Hampered By Hammertoes?
I have developed a hammertoe. Is there anything I can do to correct it short of surgery? I have been taping it down to avoid rubbing it on my shoe, but it is still red and hurts.
Andrew Weil, M.D. | February 13, 2019
A hammertoe is a deformity of the second, third, fourth toe causing it to bend at the middle joint and curl under. Affected toes appear a bit claw-like, can cause foot pain, and affect your ability to walk properly. Corns or calluses usually develop on top of the toes involved as a result of friction against footwear. At first, a hammertoe may remain flexible, but over time, it can become permanently stiff. The deformity usually is caused by shoes that are too tight in the toe area or by high heels. Some cases appear to be hereditary.
The most important thing you can do for a hammertoe is to relieve pressure on it by wearing comfortable shoes. Make sure your footwear fits properly. According to the American Academy of Orthopaedic Surgeons, shoes should be one-half inch longer than your longest toe. (A technique taught to shoe sales personnel is to be sure the distance is at least the width of the client’s thumbnail.) Your right and left foot may not be the same size, so be sure to have both of them measured.) Remember that shoe size can change over time – feet tend to get wider as we get older – so don’t assume you know your correct size. Keep in mind that feet swell during the day, so it’s best to shop for new shoes at the end of the day.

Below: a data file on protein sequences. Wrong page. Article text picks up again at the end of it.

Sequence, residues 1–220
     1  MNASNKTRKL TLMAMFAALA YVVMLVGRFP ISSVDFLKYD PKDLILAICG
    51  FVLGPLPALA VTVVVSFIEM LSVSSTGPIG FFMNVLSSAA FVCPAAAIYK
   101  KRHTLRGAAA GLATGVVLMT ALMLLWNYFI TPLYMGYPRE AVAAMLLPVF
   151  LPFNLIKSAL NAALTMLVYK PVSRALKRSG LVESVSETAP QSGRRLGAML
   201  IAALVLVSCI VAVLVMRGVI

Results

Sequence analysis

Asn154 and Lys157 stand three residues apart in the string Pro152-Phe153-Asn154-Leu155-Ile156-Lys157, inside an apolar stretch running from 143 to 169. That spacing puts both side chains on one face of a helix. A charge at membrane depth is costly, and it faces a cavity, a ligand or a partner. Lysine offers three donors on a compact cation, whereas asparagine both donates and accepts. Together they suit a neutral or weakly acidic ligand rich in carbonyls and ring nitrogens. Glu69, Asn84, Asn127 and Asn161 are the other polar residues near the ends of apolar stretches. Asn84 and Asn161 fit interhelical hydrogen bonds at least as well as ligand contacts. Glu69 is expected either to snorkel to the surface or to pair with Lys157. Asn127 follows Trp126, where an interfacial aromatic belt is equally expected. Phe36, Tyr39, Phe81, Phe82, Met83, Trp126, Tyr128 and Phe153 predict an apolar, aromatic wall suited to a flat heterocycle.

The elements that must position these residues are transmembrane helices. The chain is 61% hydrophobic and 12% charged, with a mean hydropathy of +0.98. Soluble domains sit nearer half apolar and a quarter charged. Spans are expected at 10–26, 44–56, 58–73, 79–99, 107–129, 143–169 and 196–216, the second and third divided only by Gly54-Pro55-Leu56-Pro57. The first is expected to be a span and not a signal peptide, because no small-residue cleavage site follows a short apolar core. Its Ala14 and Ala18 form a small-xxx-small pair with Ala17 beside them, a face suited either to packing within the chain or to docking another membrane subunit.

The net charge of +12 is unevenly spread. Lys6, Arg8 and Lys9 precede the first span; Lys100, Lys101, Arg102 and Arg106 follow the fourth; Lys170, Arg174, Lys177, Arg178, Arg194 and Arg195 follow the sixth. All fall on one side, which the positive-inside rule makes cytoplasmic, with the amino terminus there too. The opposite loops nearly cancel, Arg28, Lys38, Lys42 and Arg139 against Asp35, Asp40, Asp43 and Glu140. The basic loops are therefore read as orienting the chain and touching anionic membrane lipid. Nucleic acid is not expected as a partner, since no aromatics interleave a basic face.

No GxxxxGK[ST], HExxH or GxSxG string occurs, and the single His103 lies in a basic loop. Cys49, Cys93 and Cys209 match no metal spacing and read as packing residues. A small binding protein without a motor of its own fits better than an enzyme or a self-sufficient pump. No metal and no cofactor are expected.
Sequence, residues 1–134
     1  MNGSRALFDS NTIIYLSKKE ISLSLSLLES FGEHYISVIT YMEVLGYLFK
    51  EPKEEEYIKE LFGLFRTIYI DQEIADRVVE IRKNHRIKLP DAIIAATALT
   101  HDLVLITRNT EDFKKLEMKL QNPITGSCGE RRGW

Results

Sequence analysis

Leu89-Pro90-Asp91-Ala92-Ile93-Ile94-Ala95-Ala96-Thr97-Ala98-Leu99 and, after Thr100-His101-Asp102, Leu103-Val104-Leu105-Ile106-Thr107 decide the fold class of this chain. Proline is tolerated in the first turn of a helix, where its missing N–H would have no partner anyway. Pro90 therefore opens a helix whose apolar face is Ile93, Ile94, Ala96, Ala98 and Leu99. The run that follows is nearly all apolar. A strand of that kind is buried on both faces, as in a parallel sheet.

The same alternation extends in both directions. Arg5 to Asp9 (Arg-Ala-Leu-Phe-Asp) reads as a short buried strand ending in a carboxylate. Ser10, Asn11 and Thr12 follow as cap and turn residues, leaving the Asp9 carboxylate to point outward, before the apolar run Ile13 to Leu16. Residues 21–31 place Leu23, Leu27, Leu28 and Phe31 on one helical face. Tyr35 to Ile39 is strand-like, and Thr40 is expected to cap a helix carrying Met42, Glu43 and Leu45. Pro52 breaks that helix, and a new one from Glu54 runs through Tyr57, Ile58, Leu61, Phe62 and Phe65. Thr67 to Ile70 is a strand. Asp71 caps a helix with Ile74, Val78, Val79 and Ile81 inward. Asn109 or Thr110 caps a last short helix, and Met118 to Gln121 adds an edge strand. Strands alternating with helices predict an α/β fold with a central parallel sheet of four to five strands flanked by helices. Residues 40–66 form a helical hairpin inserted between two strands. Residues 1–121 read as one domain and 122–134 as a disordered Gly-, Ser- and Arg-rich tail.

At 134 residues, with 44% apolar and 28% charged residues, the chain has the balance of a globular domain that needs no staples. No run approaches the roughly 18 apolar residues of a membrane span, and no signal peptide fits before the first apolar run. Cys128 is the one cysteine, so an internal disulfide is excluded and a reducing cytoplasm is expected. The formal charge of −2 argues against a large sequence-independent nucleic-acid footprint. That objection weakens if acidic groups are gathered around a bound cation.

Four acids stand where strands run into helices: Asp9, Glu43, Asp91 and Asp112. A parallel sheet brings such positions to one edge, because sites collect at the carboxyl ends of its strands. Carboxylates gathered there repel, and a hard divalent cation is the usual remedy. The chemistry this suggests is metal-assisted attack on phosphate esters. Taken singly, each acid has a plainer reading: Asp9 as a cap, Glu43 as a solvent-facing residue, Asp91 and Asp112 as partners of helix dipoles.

You may feel more comfortable wearing sandals or other shoes that don’t cover the toes.
In addition, simple exercises, such as picking up marbles with your toes or crumpling a towel placed flat on the floor under your feet and stretching your toe muscles can help. You can take an occasional over-the-counter nonsteroidal anti-inflammatory drug for pain and use pads to prevent your shoes from rubbing on your toes.
You might also consider orthotics, shoe inserts that can help correct improper foot movement and alignment. These provide firm support that can help restore feet to their natural position. Over-the-counter products can be as effective as (and more affordable than) custom orthotics.
If these methods don’t work, you may have to consider surgery, usually done on an outpatient basis with a local anesthetic. If your toe is still flexible, this involves making an incision to release a tendon, allowing the toe to straighten. If not, toe-straightening surgery may be necessary, which requires cutting or realigning tendons and removing pieces of bone that may be preventing the toe from achieving its correct position.
Andrew Weil, M.D.